The creative process, reactions and interactions to the camera.
When I made my symbolic camera, I did not have a concrete idea for the film I wanted to make – which is represented by the empty storyboard on the back on the camera display. Story-boarding is one of the most traditional ways of mapping out the film you intend to make and the footage you intend to shoot. My criteria were simple though: it had to be something I would find enjoyable, and something that would make me happy. Coincidentally, capturing these happy, enjoyable moments are what cameras are used for in everyday life. The process I went through was to collect things I was passionate about.
I have a love for France and speaking French. I worked in Provence over the summer and lived there during my year abroad, so there are several people and places there that mean a lot to me. To represent this aspect of my life, I found an old French reading list from a module I took out there called “l’anthropologie visuelle”. This was my first experience of visual anthropology and given that it was taught in French, I had a lengthy introduction to the work of Jean Rouch. Eventually I decided that going back to France for the purpose of this project was not feasible.
Whilst on the hunt for things that I was passionate about, it was clear that I would have to include sailing. Everyone that knows me often mocks me for constantly talking about sailing, but I enjoy everything about it. From just being out on the water in a different environment,to spending time with the people I value most, and getting a rush from the competitive aspect of the sport too. In the end I came to the conclusion that this would be my focus.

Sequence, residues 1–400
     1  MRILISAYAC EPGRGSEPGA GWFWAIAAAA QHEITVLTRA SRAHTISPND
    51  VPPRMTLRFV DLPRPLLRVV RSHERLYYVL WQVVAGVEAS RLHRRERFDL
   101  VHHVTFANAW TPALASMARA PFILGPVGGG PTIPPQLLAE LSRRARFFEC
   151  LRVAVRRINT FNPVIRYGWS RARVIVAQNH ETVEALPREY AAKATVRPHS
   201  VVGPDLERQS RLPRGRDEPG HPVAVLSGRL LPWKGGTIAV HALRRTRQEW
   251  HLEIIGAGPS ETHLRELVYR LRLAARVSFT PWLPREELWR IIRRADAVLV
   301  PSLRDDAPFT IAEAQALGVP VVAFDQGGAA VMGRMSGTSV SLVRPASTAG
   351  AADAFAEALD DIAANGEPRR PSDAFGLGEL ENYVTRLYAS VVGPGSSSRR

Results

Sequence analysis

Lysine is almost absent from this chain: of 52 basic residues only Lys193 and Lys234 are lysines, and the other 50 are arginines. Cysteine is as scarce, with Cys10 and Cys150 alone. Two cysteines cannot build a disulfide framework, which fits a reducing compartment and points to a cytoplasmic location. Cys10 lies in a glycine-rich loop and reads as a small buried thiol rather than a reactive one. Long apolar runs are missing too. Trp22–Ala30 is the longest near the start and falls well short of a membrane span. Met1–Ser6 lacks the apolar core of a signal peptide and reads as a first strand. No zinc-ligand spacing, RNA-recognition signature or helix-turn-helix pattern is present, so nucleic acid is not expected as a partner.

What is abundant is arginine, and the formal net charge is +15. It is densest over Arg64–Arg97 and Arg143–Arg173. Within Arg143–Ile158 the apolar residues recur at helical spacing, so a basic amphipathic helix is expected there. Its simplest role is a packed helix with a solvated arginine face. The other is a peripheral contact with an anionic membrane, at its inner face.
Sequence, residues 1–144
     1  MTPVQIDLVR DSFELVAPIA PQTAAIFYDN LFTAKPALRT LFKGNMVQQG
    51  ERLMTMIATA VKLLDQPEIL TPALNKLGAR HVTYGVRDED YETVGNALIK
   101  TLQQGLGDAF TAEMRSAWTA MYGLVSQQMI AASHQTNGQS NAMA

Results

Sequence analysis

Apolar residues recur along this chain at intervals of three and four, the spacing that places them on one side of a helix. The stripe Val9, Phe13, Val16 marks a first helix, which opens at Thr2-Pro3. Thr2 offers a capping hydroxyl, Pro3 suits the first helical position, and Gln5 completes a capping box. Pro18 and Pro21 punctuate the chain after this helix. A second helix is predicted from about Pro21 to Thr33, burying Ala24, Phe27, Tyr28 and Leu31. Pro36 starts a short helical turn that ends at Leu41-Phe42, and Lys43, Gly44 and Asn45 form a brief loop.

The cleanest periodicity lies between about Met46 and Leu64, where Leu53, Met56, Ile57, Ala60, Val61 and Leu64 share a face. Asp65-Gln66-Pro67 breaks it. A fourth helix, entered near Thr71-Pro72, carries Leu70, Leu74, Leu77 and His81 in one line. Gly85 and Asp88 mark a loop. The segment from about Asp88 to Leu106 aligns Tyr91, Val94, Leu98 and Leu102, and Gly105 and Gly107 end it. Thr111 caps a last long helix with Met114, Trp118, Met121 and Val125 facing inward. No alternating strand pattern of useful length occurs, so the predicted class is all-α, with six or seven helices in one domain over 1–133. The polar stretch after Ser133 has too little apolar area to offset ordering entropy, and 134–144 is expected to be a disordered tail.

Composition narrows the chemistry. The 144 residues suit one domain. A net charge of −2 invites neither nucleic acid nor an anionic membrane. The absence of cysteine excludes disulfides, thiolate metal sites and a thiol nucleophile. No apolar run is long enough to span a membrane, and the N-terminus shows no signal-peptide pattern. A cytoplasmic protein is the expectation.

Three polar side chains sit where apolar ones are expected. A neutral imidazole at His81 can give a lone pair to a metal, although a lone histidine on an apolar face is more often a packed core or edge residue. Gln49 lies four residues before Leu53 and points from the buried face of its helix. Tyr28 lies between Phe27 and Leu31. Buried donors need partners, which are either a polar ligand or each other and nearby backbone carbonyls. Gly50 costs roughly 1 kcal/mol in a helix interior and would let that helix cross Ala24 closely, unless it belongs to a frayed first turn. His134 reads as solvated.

The symbolic camera was used as a vehicle for public engagement. It was interesting to see that some people could immediately tell it was a gimmick whereas some people tried to use the functions I had made, like the shutter button for example.
I took the camera around the re-fresher’s fair –a fair that the university has in January. I stopped and chatted to my friends at the sailing stand and showed them the camera which got them interacting with it. I was able to see who was comfortable around it and who acted unnaturally to its presence. This also triggered a discussion about the purpose of this course and my project idea that would include them.
The camera is plain (white), it is the size of a digital camera and looks somewhat like one too. I actually found that I got more questions walking around at the lake with the DSLR and Rhode mic attached, than I did when showing the sailors my symbolic camera.This represents the way in which small technological devices blend into society with ease nowadays and that interacting with them is the norm, whilst still highlighting the way in which the subject can act adversely to the filmmaker and his/her camera.
This was a small creative art project set for the Visual Anthropology module at the University of Kent.